Duty of the Architect
With only a few exceptions, there is no single project done by an architect that sources its products from an individual supplier. Many manufacturers work together with the architects, engineers and contractors to design and build the home. Everything from the roof, the windows, the kitchen countertops and even the hinges are specifically selected for their functionality and aesthetic quality. The same selection process goes for something as seemingly simple as timber flooring. It is a structural element that contributes greatly to the quality of the space, so it’s of paramount importance that architects select the most appropriate material on which we walk.
The Role of Wood Flooring
This іѕ where wood соmеѕ in. You’ve seen bad wooden floors, but really great timber flooring is an instant turn-on. It’s sexy. It’s clean. Fake wood flooring and ceramic tiles don’t come close to the depth of texture you will find in an all-natural, wooden floor
. Each individual plank has a unique pattern that cannot be copied by the plank next to it.
The Right Choice
It’s a daunting task for the architect to choose the right timber flooring as it will be a reflection on the design for years to come. It can be a bit of a nightmare considering cost and width and depth. And just when an architect has made a decision, they will see a sample of something that looks even better.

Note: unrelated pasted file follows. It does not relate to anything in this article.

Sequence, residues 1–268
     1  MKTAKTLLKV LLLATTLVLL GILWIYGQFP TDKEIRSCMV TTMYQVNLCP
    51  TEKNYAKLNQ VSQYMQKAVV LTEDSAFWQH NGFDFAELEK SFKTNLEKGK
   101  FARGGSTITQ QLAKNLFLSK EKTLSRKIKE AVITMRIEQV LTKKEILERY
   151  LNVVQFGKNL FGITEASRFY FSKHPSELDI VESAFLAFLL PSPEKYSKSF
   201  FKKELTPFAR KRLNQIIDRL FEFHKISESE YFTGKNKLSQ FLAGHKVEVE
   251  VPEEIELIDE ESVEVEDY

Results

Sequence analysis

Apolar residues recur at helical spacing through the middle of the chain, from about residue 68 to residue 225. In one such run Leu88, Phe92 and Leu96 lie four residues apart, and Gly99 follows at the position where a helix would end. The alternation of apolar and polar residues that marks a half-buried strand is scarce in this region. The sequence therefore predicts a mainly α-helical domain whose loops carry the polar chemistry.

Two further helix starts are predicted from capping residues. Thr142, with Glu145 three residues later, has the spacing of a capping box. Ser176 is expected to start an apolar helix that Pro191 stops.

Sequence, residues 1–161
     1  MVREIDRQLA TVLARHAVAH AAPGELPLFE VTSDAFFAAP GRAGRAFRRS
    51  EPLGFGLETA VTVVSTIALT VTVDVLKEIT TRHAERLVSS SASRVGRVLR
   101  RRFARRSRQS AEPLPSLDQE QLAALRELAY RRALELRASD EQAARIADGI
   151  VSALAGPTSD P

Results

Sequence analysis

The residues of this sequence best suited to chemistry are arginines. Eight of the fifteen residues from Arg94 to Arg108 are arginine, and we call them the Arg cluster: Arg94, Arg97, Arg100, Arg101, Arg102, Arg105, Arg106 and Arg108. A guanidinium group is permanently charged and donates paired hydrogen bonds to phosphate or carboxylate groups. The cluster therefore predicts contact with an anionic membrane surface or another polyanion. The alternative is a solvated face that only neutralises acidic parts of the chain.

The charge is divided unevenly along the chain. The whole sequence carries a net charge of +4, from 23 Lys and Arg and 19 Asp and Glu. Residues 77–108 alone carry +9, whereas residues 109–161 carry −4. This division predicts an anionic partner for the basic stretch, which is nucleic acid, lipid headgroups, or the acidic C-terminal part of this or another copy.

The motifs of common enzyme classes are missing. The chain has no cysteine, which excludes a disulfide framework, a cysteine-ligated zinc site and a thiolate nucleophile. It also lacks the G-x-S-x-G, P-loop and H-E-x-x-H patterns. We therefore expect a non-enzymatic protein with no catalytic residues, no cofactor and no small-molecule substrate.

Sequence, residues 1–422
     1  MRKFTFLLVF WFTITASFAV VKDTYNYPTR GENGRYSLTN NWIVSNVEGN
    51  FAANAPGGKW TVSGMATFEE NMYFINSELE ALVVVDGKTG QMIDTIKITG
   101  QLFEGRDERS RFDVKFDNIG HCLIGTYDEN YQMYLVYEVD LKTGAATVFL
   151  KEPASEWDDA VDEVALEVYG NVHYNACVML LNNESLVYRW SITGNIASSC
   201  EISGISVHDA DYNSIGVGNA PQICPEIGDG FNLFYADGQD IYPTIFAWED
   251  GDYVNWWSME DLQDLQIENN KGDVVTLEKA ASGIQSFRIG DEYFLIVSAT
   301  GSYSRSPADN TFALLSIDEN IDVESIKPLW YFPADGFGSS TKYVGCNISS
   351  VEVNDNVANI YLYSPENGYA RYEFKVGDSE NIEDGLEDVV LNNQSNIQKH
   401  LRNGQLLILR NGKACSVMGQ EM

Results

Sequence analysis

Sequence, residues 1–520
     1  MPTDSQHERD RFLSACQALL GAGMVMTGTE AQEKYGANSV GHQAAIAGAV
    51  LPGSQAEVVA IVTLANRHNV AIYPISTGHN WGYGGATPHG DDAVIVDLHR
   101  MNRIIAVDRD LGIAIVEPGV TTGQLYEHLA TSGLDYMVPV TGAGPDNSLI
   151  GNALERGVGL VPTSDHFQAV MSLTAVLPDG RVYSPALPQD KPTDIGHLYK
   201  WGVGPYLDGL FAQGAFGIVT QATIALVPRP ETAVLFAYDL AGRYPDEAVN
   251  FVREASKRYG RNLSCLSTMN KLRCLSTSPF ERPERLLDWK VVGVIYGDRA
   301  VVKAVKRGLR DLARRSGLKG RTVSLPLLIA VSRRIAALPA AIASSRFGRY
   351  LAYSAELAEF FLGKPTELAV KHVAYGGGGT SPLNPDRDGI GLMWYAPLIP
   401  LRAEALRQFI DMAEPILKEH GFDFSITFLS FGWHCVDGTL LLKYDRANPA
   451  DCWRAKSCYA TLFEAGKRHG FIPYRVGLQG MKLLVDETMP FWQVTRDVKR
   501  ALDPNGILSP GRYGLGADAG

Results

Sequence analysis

If this is a familiar story for architects, then perhaps a guide of sorts may prove to be handy.
Hоw tо Sресіfу Wood Flooring
Technically speaking, as a building material, wood is not all that complicated, but there are a lot of choices. The main concern is how it will look, so the species of tree, the colour, the grain and the finish of the wood, then how it should be cut and installed, all require consideration.
Sometimes, based on what the room will be used for, it might require a harder or softer wood. However, with so many durable coatings, wood suppliers should be able to work out what is required. When describing these specifications, use normal words and supply photographs if at all possible, to describe exactly what you want. Also, be sure to describe how the space is going to be used. After supplying that information, the manufacturer will do the rest.
Let’s talk timber. Or to be more specific, let’s talk about the solid timber flooring VS engineered wood flooring. There’s a huge difference between the two types, and it’s important that the architect understands which one is which and why the right kind, regards thickness and other properties, is the best suited for the project.
Before worrying about how the timber is processed and made into such a pristine architectural flooring material, there is a fact of which you should be aware: wood moves!
When designing a home for a client, the more aware you are of the integral properties of a product you are selecting, the closer to your ideal of perfection you will get.